Meet the Hird family, who built up the Yockenthwaite Farm breakfast brand from their home in the Dales

Producing their own breakfast cereal for B&B guests has grown into a successful business for one Yorkshire Dales farming family.

Several generations of the Hird family work for the family businesses
Several generations of the Hird family work for the family businesses

Yockenthwaite Farm, the brand name for the Hird family’s porridge and granola, has gone from strength to strength since it started from the farmhouse kitchen in 2004.

As well as farm shops and independents, it is stocked by Booths and Morrisons supermarkets and at the end of this month will be centrally distributed through 31 stores with the Bradford-based Morrisons chain.

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The porridge and granola enterprise started when Liz Hird bought a porridge oat flaker, described by her younger son David, as being similar to “a mincing machine with rollers in it”, and started to produce breakfast cereal for the farm’s B&B guests.

Stuart and Eddie Hird still farm sheep while Liz and David focus on the porridge and granola business

David, who is head of production and responsible for sales of the Yockenthwaite brand, said the guests loved the home produce.

The Hirds joined Alistair Davy’s Northern Dales Farmers’ Markets Initiative and David said the porridge and granola really took off.

“Our first farmers’ market was at Grassington in January 2006. We took 45 bags of cereal, sold them all and realised this was an opportunity.”

In the 15 years since that first market, production of the Yockenthwaite cereals has moved from the farmhouse kitchen to a converted dairy building through a Growing Routes grant from the Yorkshire Agricultural Society and eventually to its present location at Sidings Business Park in Skipton.

“One of the interesting things in building a business through farmers’ markets, food festivals and agricultural shows is that you meet people and it helps grow the brand and build awareness,” said David.

“Sometimes you also feel as though you can’t let go, but eventually you have to make decisions about what is cost effective.”

“We started looking at other forms of marketing and promotion,” Liz said.

“It was when social media was coming on strong. We’ve since built even greater awareness which has led to the contracts we now have to supply Morrisons, Booths and The Modern Milkman, as well as many farm shops, but we couldn’t have done any of this without the whole family being behind it.”

Alongside the cereal enterprise the family farm is run by Liz’s husband, Stuart and their eldest son Eddie.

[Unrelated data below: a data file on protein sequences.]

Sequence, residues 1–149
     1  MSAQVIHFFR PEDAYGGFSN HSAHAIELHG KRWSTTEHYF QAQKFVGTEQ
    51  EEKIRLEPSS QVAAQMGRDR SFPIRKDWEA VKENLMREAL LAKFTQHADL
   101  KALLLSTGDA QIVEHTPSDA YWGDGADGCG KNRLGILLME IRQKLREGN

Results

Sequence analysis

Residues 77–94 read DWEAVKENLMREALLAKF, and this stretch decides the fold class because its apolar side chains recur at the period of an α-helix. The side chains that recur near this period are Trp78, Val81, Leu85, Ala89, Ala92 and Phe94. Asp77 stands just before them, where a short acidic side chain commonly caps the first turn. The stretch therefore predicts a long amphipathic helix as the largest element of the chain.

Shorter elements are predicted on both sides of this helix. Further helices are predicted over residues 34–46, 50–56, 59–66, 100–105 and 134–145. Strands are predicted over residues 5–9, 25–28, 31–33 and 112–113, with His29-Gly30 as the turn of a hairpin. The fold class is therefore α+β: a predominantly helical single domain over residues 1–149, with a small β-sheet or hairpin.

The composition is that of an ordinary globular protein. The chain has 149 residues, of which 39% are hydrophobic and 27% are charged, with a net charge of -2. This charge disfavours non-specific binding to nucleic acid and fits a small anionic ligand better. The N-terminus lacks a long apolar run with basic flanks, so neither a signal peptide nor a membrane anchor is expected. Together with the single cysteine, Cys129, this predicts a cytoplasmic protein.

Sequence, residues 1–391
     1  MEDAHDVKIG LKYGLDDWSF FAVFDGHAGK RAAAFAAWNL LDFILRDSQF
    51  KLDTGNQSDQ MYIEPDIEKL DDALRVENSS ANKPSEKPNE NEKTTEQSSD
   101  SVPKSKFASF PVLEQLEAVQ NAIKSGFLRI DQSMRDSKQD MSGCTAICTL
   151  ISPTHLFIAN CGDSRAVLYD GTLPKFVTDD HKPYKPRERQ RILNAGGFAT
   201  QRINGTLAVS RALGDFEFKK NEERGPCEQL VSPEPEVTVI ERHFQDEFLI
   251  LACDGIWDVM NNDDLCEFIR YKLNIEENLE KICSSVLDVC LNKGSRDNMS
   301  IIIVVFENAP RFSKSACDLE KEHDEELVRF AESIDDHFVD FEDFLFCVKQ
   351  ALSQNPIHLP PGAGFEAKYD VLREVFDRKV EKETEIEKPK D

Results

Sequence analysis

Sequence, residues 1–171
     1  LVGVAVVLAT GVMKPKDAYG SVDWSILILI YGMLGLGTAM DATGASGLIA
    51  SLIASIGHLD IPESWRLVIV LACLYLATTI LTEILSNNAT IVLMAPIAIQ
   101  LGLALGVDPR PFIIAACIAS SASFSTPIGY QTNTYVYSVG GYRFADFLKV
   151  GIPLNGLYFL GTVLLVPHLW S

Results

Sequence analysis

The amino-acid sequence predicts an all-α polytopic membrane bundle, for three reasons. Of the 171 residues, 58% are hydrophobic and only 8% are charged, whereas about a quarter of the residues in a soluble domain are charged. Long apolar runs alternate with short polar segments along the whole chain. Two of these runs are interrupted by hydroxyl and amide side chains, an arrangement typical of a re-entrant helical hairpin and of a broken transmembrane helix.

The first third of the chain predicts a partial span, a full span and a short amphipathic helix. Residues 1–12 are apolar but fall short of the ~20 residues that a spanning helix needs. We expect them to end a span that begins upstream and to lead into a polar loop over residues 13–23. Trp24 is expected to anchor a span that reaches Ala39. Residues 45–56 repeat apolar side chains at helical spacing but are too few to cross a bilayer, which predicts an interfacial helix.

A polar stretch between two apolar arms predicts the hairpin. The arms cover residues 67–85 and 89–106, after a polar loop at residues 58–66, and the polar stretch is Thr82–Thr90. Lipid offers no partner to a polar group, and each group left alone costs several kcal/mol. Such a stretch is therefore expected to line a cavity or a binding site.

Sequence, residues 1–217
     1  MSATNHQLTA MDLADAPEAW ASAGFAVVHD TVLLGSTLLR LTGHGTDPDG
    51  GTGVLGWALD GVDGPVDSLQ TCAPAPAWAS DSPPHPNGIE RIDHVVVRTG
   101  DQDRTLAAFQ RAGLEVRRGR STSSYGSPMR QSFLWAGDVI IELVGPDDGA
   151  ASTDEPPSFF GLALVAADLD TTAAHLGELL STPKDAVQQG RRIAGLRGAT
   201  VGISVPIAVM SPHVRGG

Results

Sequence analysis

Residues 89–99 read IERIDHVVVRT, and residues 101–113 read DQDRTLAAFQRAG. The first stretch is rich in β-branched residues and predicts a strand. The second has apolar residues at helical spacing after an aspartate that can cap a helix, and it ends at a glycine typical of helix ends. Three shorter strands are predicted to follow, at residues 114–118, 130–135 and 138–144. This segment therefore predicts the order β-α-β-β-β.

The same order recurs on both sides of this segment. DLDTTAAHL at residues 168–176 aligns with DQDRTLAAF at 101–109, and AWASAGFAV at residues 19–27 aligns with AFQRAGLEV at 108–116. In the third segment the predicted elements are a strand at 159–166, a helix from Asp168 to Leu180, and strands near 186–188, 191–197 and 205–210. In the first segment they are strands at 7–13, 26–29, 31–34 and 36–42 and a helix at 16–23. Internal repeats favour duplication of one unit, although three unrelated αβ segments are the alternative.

They currently have 1,000 breeding ewes, 400 Swaledale ewes at Raisgill, the neighbouring farm, and 450 ewes at Yockenthwaite along with crossbred breeding ewes.

“We are National Trust tenants. We farm from 1,200ft rising to in excess of 2,000ft. We tup half of the Swaledales pure and half to the Bluefaced Leicester to produce Mules," said Stuart.

“We tup half of the Dalesbreds pure but we’ve started to change from the Bluefaced Leicester to the Texel for the other half of the flock.

“This year we have 110 tupped to each. We lamb in March to mid-May and I was really pleased with our first Texel cross lambs last year.”

It was selling lamb boxes direct from the farm when the Hirds had a Rouge de L’Ouest flock which first sowed the seeds for home produce.

Liz, whose parents farmed at Settle, had been secretary for the North of England Mule Sheep Association and the National Sheep Association’s Northern Area, as well as having worked at Hawes livestock market.

But it was when she purchased a couple of Rouge ewes that the ball started rolling towards what would eventually be the Yockenthwaite brand with granola and porridge.

“We started our boxed lamb in the 90s,” said Liz. “We set up a website and sold as half or whole lamb.

“Farmers’ markets were in their early days and we couldn’t get in as they wouldn’t have more than one lamb producer on site.

“We put up a notice promoting Yockenthwaite Lamb but then in 2001 came the foot and mouth outbreak.”

The family’s experience had shown them their point of difference was local and homemade or homebred, so they made the decision to apply for a grant for refurbishment, putting in better facilities and building a better website.

Since then the lamb boxes have been superseded by the growing cereal brand.

“From the beginning we have always been aware that you cannot promise what you cannot deliver, so we’ve had to keep growing,” said Liz.

“All businesses have to adapt and adjust to whatever the current situation.”

Whether it is cereals or sheep the family works together to grow their business.

“Eddie and I always do whatever we can with Yockenthwaite and the rest of the family do the same on the farm. We’re basically all hands on deck,” Stuart said.